Blood boils with the heat caused by screams no one listens to: I’ve been telling people for years not to visit Uganda and in particular where Endicott was kidnapped. Two young Brits were just kidnapped in that area last year! What’s worse?
Last week’s Nairobi bombing may not have been against Kenya, but America.
Today global media reran a report by Somali Radio Dalsan shortly after the attack last week. The report claimed that bombing was in direct response to two American actions: (1) the decision to move the American embassy to Jerusalem and (2) revenge for the American drone killing of a top al-Shabaab leader.
Africans are outraged at the New York Times publication of photos of the dusitD2 hotel massacre in Nairobi Wednesday.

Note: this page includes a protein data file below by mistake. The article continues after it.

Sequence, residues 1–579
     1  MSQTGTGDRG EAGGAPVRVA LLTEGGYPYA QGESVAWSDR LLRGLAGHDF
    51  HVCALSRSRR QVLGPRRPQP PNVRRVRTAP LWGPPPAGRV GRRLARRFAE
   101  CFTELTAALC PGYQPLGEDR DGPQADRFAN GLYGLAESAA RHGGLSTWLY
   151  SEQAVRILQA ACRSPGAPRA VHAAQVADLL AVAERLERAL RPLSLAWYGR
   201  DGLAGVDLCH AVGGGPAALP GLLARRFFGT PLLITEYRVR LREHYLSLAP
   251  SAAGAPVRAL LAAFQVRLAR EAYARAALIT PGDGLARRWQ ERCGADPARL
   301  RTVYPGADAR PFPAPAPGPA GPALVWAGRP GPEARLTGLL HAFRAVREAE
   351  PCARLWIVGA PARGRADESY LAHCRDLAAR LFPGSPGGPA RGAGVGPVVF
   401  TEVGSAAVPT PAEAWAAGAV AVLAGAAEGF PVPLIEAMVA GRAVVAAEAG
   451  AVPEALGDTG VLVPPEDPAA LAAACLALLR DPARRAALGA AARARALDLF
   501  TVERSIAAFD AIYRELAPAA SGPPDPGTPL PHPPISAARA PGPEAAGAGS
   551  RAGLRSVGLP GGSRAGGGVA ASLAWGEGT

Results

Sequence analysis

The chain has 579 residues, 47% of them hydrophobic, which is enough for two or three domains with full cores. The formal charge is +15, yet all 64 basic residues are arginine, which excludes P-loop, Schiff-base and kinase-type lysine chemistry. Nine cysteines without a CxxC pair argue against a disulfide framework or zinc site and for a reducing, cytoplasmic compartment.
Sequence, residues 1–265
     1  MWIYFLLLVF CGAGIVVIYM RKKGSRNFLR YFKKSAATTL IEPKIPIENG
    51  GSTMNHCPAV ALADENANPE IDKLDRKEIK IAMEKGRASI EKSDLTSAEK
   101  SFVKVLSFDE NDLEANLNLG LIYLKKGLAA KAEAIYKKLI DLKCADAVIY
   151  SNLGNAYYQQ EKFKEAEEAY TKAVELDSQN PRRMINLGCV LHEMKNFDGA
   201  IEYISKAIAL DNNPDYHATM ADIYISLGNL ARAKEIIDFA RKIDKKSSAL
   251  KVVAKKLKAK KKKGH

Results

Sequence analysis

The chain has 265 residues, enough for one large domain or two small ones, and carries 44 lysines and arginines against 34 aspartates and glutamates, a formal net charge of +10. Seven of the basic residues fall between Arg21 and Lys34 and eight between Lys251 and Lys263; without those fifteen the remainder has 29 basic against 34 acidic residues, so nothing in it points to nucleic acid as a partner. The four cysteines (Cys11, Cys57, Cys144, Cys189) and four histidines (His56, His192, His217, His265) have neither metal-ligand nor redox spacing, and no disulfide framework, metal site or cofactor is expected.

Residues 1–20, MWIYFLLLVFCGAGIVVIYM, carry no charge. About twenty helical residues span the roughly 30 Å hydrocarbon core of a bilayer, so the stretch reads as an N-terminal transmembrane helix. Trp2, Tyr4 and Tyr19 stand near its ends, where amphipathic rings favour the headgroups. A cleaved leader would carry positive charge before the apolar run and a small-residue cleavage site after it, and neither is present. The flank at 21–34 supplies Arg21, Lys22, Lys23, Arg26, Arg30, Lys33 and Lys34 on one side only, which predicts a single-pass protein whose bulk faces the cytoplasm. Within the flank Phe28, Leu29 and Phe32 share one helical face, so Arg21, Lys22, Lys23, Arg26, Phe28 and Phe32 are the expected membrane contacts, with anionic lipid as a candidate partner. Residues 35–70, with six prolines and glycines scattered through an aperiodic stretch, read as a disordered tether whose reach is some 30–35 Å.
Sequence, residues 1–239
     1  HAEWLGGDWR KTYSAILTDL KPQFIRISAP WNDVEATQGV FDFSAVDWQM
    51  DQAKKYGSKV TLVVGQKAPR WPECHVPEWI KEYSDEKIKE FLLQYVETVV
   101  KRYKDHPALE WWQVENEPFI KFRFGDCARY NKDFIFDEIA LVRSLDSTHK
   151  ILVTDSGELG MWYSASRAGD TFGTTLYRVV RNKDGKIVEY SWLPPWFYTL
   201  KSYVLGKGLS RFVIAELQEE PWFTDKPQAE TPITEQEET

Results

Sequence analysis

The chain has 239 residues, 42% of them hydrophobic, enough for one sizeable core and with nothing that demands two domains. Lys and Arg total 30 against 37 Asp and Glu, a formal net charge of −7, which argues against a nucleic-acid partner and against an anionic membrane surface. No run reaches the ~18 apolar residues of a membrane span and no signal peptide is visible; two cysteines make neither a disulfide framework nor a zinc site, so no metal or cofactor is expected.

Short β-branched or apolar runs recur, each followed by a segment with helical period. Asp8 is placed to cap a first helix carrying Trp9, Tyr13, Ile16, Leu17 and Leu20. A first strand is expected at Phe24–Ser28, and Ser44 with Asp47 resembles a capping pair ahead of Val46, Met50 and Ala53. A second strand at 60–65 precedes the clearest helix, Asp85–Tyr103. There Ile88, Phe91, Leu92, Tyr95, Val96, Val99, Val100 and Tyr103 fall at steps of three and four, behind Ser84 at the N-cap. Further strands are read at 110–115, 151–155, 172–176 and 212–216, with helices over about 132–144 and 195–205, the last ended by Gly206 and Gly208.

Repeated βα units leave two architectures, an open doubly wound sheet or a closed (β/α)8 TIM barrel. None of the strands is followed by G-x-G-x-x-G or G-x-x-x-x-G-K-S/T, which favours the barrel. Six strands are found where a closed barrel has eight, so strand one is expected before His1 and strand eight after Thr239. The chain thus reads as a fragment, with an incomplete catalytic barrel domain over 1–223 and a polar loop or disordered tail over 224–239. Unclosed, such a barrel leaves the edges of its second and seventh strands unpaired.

The backlash was severe enough globally that the Times announced a working group that might alter their policy on publishing blood and gore, even as their Director of Photography continues to justify this one.
In the last year 21 were killed and at least 28 injured by shooters in Kenya in a single incident that happened yesterday. In the last year 106 people were killed and 121 injured in 18 separate incidents in the United States. In Parkland, 17 were killed.
It you were a foreigner heading to Orlando last February, or Nashville last April, or Sante Fe last May or Pittsburgh in October or any of the other 14 major U.S. shootings last year, you’d probably feel right now just like an American heading to Nairobi.
The end of the year isn’t going so well. After the Institute for Economics and Peace reported that acts of most terrorism continue to decline dramatically, two young Scandinavian hikers were brutally murdered in Morocco, and an Islamic State signature video of their actual murder is circulating on social media.
Morocco is not a place known for terrorism. The last incident was in Marrakech in 2011. The country prides itself on a very sophisticated police and intelligence network that claims to have essentially obliterated terrorism. Until now.